I am a smoker; What am I at increased risk for and what kind of health screening do I need?

Sep 09, 2022 at 03:09 pm by pj

By Maya LaPrade, DO, Center for Family and Sport Medicine 

Smoking is the number one risk factor for lung cancer. According to the CDC, “In the United States, cigarette smoking is linked to about 80% to 90% of lung cancer deaths. Tobacco smoke is a toxic mix of more than 7,000 chemicals. Many are poisons. At least 70 are known to cause cancer in people or animals.” It is very important to make sure that you are taking care of your health and ensuring you are up to date on all your recommended screenings so that any abnormality can be found as soon as possible. As clinicians, we understand tobacco usage is a very difficult habit to break and we are here to help and guide you in every way that we can.

Below are two very important U.S. Preventive Services Task Force (USPTF) recommendations.

If you are within the ages of 50-80 years and are a current smoker or have quit smoking within the past 15 years, reach out to your healthcare provider to discuss yearly Low-Dose CT scans.  This preventative measure will take images of your lungs and monitor for any concerning findings such as cancerous tumors. It is also recommended that all MEN between the ages of 65-75 who have ever smoked receive a one-time ultrasound of their stomach to see if an abdominal aortic aneurysm (AAA) is present.  This test will see if your aorta, the main and largest artery which helps supply blood to your body, is enlarged or damaged. Over time, arteries naturally lose flexibility with tobacco usage shown to further weaken the walls and increase risk of tear or rupture. If a significant enlargement is noted, surgery can often be performed to correct the issue; however, it must be found in time to save your life.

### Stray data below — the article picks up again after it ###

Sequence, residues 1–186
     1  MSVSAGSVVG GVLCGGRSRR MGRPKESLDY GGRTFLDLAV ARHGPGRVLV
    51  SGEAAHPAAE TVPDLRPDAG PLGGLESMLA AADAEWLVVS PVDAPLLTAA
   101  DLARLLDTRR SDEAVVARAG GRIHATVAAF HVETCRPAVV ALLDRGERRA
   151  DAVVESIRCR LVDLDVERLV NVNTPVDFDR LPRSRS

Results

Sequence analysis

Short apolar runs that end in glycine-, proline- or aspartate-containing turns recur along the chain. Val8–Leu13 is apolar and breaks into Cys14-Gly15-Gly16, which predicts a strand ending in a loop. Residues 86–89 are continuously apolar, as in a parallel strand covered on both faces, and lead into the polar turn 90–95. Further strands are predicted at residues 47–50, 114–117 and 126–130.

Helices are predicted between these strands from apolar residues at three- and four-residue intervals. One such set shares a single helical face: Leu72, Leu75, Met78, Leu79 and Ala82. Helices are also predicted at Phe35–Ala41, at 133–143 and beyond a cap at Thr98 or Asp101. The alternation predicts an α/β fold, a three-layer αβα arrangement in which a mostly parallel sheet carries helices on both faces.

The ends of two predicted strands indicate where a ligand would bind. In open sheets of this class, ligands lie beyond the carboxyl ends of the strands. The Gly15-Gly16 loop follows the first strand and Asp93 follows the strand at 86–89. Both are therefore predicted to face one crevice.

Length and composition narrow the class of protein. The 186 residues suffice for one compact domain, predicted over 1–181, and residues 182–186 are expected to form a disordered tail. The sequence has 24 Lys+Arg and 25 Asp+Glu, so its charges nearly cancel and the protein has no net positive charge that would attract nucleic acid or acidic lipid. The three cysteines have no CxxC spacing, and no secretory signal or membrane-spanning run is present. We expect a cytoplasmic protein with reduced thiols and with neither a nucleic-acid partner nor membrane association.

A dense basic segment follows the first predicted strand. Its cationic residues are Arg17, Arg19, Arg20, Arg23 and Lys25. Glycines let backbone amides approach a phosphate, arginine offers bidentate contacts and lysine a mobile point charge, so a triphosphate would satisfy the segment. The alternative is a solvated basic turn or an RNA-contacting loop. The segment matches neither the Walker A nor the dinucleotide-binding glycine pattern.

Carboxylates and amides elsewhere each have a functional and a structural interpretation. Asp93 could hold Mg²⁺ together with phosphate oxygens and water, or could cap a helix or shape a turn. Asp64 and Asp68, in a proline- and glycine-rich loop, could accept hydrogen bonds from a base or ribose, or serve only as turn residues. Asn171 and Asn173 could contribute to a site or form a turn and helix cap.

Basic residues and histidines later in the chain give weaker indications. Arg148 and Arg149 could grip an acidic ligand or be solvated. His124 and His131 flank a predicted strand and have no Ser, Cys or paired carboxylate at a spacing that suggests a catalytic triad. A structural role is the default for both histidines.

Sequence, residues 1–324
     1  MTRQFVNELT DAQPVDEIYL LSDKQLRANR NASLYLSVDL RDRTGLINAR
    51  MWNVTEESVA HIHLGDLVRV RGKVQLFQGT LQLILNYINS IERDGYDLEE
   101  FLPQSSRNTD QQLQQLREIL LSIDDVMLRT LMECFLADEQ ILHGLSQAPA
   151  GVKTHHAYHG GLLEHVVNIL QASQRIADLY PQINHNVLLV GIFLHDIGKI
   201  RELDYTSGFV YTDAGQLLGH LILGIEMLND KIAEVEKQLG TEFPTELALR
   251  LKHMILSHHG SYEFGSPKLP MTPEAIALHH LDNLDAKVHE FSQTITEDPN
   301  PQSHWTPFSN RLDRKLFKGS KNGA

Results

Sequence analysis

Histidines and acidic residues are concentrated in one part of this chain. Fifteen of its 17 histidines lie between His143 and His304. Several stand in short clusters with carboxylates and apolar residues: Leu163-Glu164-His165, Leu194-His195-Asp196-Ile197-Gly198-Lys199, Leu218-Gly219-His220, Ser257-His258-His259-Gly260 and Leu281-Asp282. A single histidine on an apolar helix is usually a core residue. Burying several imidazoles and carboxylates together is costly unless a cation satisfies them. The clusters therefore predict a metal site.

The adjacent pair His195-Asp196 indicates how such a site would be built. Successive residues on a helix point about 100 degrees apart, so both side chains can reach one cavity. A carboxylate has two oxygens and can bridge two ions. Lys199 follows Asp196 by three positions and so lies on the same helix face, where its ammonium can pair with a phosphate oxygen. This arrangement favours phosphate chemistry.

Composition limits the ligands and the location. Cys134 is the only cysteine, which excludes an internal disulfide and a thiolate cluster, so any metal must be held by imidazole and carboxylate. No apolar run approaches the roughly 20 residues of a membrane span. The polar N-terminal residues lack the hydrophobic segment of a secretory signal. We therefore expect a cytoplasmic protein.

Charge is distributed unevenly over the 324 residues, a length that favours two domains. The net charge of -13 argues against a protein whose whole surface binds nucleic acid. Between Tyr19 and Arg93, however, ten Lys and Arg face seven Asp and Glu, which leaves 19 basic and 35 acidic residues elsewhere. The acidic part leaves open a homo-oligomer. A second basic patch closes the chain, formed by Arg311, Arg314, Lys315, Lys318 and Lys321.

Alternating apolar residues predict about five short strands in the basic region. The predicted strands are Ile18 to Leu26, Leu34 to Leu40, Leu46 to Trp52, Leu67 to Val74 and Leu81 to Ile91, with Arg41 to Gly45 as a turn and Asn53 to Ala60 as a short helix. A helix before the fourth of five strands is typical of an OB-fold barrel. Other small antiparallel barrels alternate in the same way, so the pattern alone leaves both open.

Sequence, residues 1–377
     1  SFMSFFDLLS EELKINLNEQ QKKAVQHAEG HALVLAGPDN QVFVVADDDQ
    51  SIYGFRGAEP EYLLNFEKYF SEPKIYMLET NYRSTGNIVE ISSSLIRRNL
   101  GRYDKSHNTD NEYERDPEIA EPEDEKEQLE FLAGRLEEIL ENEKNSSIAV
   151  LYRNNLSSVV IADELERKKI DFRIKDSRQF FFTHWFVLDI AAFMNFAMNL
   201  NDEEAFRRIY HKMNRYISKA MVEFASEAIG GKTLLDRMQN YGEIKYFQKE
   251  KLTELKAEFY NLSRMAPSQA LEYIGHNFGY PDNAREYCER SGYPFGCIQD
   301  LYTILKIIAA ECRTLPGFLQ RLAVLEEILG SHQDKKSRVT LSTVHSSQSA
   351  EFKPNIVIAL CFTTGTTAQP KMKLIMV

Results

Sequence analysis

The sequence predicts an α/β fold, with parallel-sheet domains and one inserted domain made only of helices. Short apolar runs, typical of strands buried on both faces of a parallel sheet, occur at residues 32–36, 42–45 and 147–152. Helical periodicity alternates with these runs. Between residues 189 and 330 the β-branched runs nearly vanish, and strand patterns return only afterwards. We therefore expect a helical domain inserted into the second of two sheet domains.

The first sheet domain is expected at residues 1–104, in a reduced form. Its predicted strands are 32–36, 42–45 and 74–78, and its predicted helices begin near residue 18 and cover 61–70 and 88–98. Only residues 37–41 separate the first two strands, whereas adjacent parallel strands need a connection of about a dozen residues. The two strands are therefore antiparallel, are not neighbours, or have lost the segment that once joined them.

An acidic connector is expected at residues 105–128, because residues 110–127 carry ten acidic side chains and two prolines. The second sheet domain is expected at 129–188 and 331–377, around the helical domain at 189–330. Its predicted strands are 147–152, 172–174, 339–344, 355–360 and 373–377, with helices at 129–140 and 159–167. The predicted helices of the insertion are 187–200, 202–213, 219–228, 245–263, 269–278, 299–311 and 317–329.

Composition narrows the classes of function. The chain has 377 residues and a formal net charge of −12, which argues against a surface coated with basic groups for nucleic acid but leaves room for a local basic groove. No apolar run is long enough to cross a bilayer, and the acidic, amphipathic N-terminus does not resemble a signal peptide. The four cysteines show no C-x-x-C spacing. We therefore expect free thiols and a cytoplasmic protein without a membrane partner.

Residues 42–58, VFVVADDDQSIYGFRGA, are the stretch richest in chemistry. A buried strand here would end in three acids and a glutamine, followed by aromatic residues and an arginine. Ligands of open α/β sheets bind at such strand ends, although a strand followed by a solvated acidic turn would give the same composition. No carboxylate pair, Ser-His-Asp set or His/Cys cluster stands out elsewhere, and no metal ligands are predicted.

Regardless of how many years you have been smoking, it is also always a good time to discuss decreasing your daily intake and/or quitting. Reach out to your doctor to discuss the various options available to you such as nicotine patches, gum, group support meetings as well as medication that help curb your desire for tobacco. Please stay vigilant with your health, schedule regular appointments with your primary care provider and make sure to bring up screening tests such as these above so that your health remains the number one priority. Take the first step to living a healthier life!

Maya LaPrade, DO, . Dr. Maya LaPrade is a second year Resident Physician with the Family Medicine Residency Program & Sports Medicine Fellowship at Halifax Health. To learn more about the Family Medicine Residency or Dr. LaPrade, visit www.halifaxhealth.org or contact the Volusia County Medical Society at www.vcms.org.

Sections: Clinical